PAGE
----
✴ Solaria's (Bad) Readability Tips ✴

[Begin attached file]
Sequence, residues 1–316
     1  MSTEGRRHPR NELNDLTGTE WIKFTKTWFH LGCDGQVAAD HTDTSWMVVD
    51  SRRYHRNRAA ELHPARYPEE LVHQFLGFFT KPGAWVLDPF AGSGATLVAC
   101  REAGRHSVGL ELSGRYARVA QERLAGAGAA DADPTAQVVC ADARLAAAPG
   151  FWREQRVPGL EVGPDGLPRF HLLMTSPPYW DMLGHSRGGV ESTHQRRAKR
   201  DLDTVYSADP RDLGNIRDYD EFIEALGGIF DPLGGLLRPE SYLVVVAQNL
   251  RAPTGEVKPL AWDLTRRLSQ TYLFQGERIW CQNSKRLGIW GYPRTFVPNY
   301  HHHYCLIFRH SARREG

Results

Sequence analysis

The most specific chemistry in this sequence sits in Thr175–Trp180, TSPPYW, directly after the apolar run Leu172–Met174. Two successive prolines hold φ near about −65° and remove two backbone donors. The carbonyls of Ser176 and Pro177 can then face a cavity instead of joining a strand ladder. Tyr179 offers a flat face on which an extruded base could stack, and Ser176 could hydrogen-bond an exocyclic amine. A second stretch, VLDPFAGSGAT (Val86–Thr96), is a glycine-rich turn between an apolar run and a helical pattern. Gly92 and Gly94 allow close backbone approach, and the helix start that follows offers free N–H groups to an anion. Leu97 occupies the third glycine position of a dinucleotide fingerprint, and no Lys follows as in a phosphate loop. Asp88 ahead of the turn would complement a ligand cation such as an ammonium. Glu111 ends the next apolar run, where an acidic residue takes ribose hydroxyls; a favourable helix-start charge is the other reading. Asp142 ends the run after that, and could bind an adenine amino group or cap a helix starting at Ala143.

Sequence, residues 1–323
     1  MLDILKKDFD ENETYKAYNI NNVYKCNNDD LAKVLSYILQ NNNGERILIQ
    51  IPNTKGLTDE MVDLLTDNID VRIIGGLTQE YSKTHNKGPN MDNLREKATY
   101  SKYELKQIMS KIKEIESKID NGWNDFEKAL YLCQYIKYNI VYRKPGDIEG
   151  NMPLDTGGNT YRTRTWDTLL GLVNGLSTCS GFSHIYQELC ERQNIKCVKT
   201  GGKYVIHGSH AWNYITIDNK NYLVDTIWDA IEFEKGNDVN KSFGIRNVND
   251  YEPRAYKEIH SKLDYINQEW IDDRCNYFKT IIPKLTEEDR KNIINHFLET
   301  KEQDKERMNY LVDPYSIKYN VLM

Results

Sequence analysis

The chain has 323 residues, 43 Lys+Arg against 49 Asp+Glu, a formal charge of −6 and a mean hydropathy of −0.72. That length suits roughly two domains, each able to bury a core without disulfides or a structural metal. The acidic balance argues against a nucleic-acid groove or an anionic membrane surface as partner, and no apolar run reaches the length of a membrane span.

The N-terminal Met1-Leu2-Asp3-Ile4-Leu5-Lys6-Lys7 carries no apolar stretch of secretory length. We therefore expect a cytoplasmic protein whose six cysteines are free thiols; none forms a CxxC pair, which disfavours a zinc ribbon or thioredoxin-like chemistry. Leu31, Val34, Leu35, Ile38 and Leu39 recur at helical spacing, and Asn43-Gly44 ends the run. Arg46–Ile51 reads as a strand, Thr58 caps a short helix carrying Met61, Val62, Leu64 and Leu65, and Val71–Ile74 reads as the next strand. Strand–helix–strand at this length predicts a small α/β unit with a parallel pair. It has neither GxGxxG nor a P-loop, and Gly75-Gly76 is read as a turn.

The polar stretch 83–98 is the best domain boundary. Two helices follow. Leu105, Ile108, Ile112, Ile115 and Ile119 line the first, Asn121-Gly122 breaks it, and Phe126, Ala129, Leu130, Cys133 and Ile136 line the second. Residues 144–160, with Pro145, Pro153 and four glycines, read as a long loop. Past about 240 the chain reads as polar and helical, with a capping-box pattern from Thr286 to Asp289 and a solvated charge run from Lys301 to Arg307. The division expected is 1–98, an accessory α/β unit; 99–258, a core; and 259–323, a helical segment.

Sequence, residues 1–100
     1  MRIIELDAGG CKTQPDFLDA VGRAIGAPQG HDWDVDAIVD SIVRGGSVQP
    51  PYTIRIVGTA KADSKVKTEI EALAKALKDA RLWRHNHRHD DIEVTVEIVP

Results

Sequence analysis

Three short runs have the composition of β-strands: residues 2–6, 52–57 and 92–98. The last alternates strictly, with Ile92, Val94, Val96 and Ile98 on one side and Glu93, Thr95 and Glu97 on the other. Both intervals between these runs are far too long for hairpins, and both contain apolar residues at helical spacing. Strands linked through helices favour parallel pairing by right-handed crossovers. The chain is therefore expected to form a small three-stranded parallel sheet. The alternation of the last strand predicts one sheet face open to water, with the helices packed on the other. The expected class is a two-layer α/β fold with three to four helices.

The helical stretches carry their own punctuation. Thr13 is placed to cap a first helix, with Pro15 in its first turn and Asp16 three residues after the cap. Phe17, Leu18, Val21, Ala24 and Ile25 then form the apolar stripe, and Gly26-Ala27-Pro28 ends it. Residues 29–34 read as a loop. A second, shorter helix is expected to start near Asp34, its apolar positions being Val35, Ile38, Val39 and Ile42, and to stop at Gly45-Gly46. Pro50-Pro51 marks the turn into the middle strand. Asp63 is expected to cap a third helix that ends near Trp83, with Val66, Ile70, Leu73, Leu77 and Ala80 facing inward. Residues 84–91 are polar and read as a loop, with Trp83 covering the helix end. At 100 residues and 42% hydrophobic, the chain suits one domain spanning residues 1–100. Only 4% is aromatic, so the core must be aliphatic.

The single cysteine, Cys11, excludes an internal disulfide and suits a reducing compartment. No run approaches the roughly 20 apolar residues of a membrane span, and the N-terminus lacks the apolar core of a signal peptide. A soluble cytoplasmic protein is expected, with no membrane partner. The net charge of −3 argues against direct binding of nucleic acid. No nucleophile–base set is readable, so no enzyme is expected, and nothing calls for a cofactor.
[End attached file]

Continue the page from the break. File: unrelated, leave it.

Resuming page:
How to make pages easier to read (without comprimising style). This page will feature some advice on how to make your page more accessable to users who have dyslexia. I have mild dyslexia, so this advice will be mostly based off of my own experiences. Contrary to popular advice, you don't have to severly limit your font selection or impliment a special font for dyslexia. Heavily stylized fonts can be difficult to read (for anyone) but that doesn't mean you have to use exclusively comic sans. More important than the font itself, is spacing, including spacing between letters, words, and lines. Some fonts can be hard to read because the spacing is tight, making it difficult for users to differientiate between letters, words, and lines. This can be easily altered by adjusting the letter-spacing, word-spacing, and line-height properties in CSS. Speaking of word spacing, one of my least favorite text alignments is justified. In order to make the text line up neatly with both the left and right margins, the spacing between the words on each line is different, which is disorienting for the dyslexia reader (or at least me). Not only does justify vary the word spacing, but the block shape of the text makes it easy to lose which line you are on. It can be very easy to lose your place in a text if there are no line breaks or other indication of paragraphs. You may have noticed that this page liberally uses line breaks. You may have come across old HTML websites where the text spans the entire width of your screen (there are no margins), this is something you want to avoid, please use margins. Negative space in general is helpful for dyslexic readers. I would also add extra space before headers, so they do not blend in with the rest of the text. Bold, italics, color coding, highlighting, and boxes are some ways to draw attention to key words/phrases/concepts. These can help ensure that important words are not skimmed over. Using these for negatives (not, don't, no) can be helpful, as if skipped over, the reader may glean the opposite meaning. Tables of data can be very difficult for dyslexia users to read. Having the rows alternate in background color helps to keep the reader on the same row they started on. The narrower the rows are, the more imortant it is to have the rows alternate in background color. While lines between the rows are better than nothing, alternating background color is much more helpful (and if used, render borders redundant). Just be sure that the colors vary in value for color blind users. Headings and lists break up content into smaller, more defined sections. Headings are especially useful for keeping track of where you are in a text, and being able to find content much quicker than skimming. If a list of content is important, consider making a bulleted list. Putting each item on a new line adds importance and is easy to reference when looking back at the text, where as a list within a paragraph is very easy to skip over. Overall, variation can help keep text from looking the same, thus help the reader keep place of where they are in the text (the exception being spacing, which should be consistent). Things to vary: number of lines in paragraphs, number of words/clauses in sentances, style - color, bolding, boxes of content, etc - and importantly, the ratio of variation. If each detail is heavily defined, then it can be hard to see the big picture. If every other word is bolded, then the important words get lost. Likewise line breaks become pointless if there is a break after every single line. Simply put: Less words decreases the amount of words missed. Streamline convoluted sentences. You don't have to make your text choppy, but if you have a lot of clauses in one sentance, consider breaking it up. Think about how you can be more direct and to the point. Edit out words and phrases often used by highschoolers to fluff up their papers. This is not to say you cannot use examples, or be repetitive (these are actually very good tools to ensure dyslexia users don't miss out on information) but sometimes "fancy" phrasing can cloud the meaning of a text. Repetition allows the reader to encounter the same information multiple times, decreasing the possibility that they will pass over it. Not that you should copy/paste you text, but expressing the same information in different ways offers more chances for a user to interpret and potentially undertsand your text. Following an explanation with an example or a metaphor are forms of productive repitition. This is pretty self explanitory; including examples and visual aids for important concepts are helpful for any reader